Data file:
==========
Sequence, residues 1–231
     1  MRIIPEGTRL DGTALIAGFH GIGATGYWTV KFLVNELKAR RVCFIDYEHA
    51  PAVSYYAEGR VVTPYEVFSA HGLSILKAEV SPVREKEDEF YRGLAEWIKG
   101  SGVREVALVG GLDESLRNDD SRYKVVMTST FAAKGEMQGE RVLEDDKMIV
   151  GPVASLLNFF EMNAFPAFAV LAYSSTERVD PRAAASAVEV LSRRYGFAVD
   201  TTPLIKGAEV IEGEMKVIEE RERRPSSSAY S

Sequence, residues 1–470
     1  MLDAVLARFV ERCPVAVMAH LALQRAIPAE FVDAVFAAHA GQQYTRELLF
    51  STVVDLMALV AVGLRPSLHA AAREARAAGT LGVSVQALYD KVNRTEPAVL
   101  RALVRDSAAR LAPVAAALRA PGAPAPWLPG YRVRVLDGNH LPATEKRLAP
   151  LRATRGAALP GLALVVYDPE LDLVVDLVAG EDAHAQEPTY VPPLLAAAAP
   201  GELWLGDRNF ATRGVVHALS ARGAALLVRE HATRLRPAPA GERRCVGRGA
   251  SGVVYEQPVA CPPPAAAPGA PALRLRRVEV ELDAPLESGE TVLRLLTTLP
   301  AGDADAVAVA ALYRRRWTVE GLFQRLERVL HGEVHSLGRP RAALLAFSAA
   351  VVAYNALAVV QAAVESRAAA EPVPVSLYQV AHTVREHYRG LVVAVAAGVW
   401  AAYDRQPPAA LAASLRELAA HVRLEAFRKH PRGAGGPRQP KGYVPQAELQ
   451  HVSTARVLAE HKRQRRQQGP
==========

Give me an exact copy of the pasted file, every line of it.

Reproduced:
Sequence, residues 1–231
     1  MRIIPEGTRL DGTALIAGFH GIGATGYWTV KFLVNELKAR RVCFIDYEHA
    51  PAVSYYAEGR VVTPYEVFSA HGLSILKAEV SPVREKEDEF YRGLAEWIKG
   101  SGVREVALVG GLDESLRNDD SRYKVVMTST FAAKGEMQGE RVLEDDKMIV
   151  GPVASLLNFF EMNAFPAFAV LAYSSTERVD PRAAASAVEV LSRRYGFAVD
   201  TTPLIKGAEV IEGEMKVIEE RERRPSSSAY S

Sequence, residues 1–470
     1  MLDAVLARFV ERCPVAVMAH LALQRAIPAE FVDAVFAAHA GQQYTRELLF
    51  STVVDLMALV AVGLRPSLHA AAREARAAGT LGVSVQALYD KVNRTEPAVL
   101  RALVRDSAAR LAPVAAALRA PGAPAPWLPG YRVRVLDGNH LPATEKRLAP
   151  LRATRGAALP GLALVVYDPE LDLVVDLVAG EDAHAQEPTY VPPLLAAAAP
   201  GELWLGDRNF ATRGVVHALS ARGAALLVRE HATRLRPAPA GERRCVGRGA
   251  SGVVYEQPVA CPPPAAAPGA PALRLRRVEV ELDAPLESGE TVLRLLTTLP
   301  AGDADAVAVA ALYRRRWTVE GLFQRLERVL HGEVHSLGRP RAALLAFSAA
   351  VVAYNALAVV QAAVESRAAA EPVPVSLYQV AHTVREHYRG LVVAVAAGVW
   401  AAYDRQPPAA LAASLRELAA HVRLEAFRKH PRGAGGPRQP KGYVPQAELQ
   451  HVSTARVLAE HKRQRRQQGP